Ballaban’s used car, just before he bought it.
Photo: Yoel Espino

As Jalopnik’s resident car buying expert and professional car shopper, I get emails. Lots of emails. I’ve decided to pick a few questions and try to help out. This week we are discussing the best place to list your used car, getting a used Lexus vs a new Toyota, and warranties on salvage cars.

First up, is there one best place to list your car for sale?

I’m looking to sell our minivan and am not getting bites on Craigslist (our price is probably too high, but that’s a different issue). I don’t buy used cars and really don’t know which sites are best in which to list them on. Yeah, last time I was in the market for a used car I grabbed one of my brother’s AutoTrader magazines printed on newsprint in black & white, back in the 80's.

Is there a guide on which sites to use? Got suggestions? I’m thinking of Ebay Motors, Cars.com, Autotrader, etc.

Craigslist is a good place to start, it’s free and if you have something on the lower end of the market, say under $15,000, CL usually will get you good results if the car is priced right. However, a lot of folks don’t realize that the large third party listing sites like Autotrader, Cars.com, CarGurus, etc...all have pretty reasonable prices for listings. Cars.com will give you a free listing with up to five images for 30 days and most basic listing packages range between $25 to $50 on a variety of sites.

You mentioned good old-fashioned print listings and, depending on the car you have and your local market, you may want to put an ad in a local paper or used car guide. There are still a lot of folks (okay, Olds) looking for cheap cars that aren’t the most tech-savvy and are and still peruse the local classifieds. However, sometimes these ads can be kind of pricey. The goal here is to maximize the amount of eyeballs on your used car but not spend a ton of money doing so.

If you have something that’s not that old and you want to move it quickly, startups like Vroom and Carvana will sometimes buy your car without having to buy one of theirs, and will even pick it up. Both sites have online evaluators to give you a ballpark as to what you can expect.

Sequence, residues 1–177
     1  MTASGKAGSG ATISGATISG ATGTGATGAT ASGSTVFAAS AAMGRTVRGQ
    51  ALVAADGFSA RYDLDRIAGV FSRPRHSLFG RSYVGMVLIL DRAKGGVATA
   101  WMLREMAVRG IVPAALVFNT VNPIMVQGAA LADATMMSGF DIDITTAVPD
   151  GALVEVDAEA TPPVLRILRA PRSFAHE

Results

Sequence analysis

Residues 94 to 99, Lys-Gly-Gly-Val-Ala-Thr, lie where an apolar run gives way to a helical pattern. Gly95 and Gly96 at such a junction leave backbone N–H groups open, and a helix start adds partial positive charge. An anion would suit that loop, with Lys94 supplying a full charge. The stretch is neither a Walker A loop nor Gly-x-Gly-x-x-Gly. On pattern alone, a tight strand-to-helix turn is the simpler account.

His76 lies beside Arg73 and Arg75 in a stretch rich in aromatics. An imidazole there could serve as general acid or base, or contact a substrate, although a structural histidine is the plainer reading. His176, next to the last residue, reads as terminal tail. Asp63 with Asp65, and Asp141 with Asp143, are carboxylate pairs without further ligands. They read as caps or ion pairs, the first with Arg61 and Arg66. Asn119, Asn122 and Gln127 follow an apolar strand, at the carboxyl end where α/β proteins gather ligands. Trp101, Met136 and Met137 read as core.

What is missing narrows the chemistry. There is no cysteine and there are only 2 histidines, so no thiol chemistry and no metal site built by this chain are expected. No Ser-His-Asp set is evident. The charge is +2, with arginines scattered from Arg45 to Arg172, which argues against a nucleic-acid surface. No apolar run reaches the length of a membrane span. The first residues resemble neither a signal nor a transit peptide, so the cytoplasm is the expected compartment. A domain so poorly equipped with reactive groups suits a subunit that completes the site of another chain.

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But is it better to buy a used luxury car or a new mainstream model?

I’m a guy who buys and holds cars for years; I’m still driving (a) 2002 Yukon and my wife a 2005 Prius. She wants and really needs a new car. I was leaning toward 2019 Honda CRV or 2019 Toyota RAV4. I just read about Honda engine problems so I’m thinking Toyota. BUT...would a late model RX350 be a worthy contender? There’s no way I spring for new one.

It all depends on your budget and priorities in regards to tech. The Toyota RAV4 is going to have the most up-to-date infotainment and safety features (within the Toyota lineup). Lexus will give you some of the features, but cars that are two or three years old don’t have things like Apple CarPlay or Android Auto or the latest advanced safety features. But if you aren’t as concerned about that stuff and just want something comfortable, reliable, and a little bigger a used/CPO Lexus would be a good option.

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And finally, does a salvage title void any warranty balance?

I live in California, I’m not very familiar with purchasing a salvage vehicle. I’m trying to buy a secondary car for under 10k. There is a 16 Malibu for sale in the 10k region in my area. The guy who is selling the car says the car didn’t have much damage on it when he bought it in the auction, the car was impacted between the driver side doors. The car currently has about 30k miles on it. I’ve read that some people have had a good experience with their salvage title vehicles. The engine seems to be in perfect conditions. Unfortunately, I’ve read that 16 Malibus and Cruzes have a common problem when it comes to engine misfire being caused by bad pistons. This issue was present on the 1.5 turbo engines. My question is, do salvage vehicles maintain their powertrain warranty when such known issue is known? I ask because say I purchase the vehicle and down the line, the issue comes up. The car seems to be a great offer, but this issue worries me.

I usually recommend avoiding salvage title cars at all costs, especially if it is meant to be a daily driver. If you are going to buy a cheap salvaged Lotus and turn it into a race car, that’s another story. Of course, you can pick up a car that is generally pretty good despite having the salvage issue, but you need to be extremely careful. Always get cars like this inspected by an independent mechanic to spot any severe trouble spots.

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And as for the warranty issue, I relayed this question to consumer protection attorney and friend of Jalopnik, Steve Lehto. “Check the warranty language to be sure but most companies void warranties on salvage vehicles. It’s not the damage that matters, it’s the designation,” he said.

Good advice.

Got a car buying conundrum that you need some assistance with? Email me at tom.mcparland@jalopnik.com.